There are many reasons to set aside a day to remember those who have died. I have already pointed out some of these. There is the national reason of remembering the high cost of maintaining our political freedoms. This both honors those who have made that ultimate sacrifice and helps encourage people in the present to be diligent to maintain those freedoms. That in itself is enough reason to have a national Memorial Day and even more so for those that died in the fight for such grand reasons. They yielded their lives to establish and protect political concepts that would benefit others.
While American patriotism is a hallmark of Memorial Day, there is another side to this that should be acknowledged as something of high nobility. Many of those who have served in wars our nation has fought have died on foreign soil seeking to provide or protect the freedoms of foreign peoples. Those who fought in Korea, Viet Nam, the Gulf War and the war in Afghanistan are just some examples of those who have sacrificed for others.
There is another general truth about those on the front lines. Regardless of the grand ideologies, concepts of freedom or even threat to home and hearth, when the shooting starts, the general reason for shooting back is self-preservation and trying to protect your buddies that are on the line with you. Jesus Himself commended this type of sacrifice. In John 15:12-13 Jesus said,
“This is My commandment, that you love one another, just as I have loved you. 13 ” Greater love has no one than this, that one lay down his life for his friends.”
The stories of those who have died in demonstrating this kind of love abound. Those who volunteer for dangerous assignments or take up the most dangerous position to give the rest of their unit a greater chance. Those who have shielded others with their own bodies as bullets flew and bombs went off. Those who charged an enemy position to try to protect their friends by eliminating the enemy or drawing fire away from their buddies. Those who have demonstrated a greater concern for those they love than for their own life. There may even be those that are here today only because someone else took the hit and paid the price instead of them. It is this very reason that causes the vast majority of those who have done some heroic deed and survived to down play it as just doing their duty. They were only doing what others were also doing for the same reasons and some of those were not coming home alive. Jesus’ statement is a truth that we need to honor in those who served.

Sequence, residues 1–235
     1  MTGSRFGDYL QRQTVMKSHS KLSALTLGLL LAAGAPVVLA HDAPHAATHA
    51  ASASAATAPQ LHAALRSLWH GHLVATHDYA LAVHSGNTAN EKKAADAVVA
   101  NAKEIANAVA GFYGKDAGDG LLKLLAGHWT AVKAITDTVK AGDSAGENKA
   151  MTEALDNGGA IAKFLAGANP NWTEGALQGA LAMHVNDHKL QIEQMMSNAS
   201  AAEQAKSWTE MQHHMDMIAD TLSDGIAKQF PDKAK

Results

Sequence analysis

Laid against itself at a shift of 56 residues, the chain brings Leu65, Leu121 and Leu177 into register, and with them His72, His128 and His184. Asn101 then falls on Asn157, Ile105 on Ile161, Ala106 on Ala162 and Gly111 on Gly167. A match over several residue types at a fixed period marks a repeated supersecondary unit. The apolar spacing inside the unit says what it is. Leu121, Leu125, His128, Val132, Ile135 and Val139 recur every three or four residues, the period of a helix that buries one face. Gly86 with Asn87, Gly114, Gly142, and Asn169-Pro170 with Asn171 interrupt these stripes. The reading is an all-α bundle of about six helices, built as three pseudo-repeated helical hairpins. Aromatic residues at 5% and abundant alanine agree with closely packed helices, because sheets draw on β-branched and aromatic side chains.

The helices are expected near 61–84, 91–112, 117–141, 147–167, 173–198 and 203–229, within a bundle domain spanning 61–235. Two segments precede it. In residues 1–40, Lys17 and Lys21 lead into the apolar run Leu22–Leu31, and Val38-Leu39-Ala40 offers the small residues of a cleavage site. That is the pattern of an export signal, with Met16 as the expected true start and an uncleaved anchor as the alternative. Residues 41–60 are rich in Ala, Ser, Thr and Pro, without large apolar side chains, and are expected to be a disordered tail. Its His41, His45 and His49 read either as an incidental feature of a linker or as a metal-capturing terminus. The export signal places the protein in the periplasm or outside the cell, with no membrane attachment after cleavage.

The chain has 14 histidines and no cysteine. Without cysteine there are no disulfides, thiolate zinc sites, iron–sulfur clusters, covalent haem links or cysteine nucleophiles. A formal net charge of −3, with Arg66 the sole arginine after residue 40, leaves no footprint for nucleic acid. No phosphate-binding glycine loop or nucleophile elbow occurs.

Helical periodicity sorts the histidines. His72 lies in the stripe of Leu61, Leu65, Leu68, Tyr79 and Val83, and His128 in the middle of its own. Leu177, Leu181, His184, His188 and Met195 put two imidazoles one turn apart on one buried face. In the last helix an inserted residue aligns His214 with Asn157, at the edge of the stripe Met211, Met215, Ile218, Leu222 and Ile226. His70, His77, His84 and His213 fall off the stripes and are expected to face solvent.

So, on this day before Memorial Day, we honor those who have served our country but are no longer with us. In a few moments we will have a special video and special way of honoring those who have served but are no longer with us. As we continue in our service today, as we celebrate Memorial Day tomorrow, and as we live every day, let’s remember and give praise to God who paid the greatest sacrifice for us. Amen.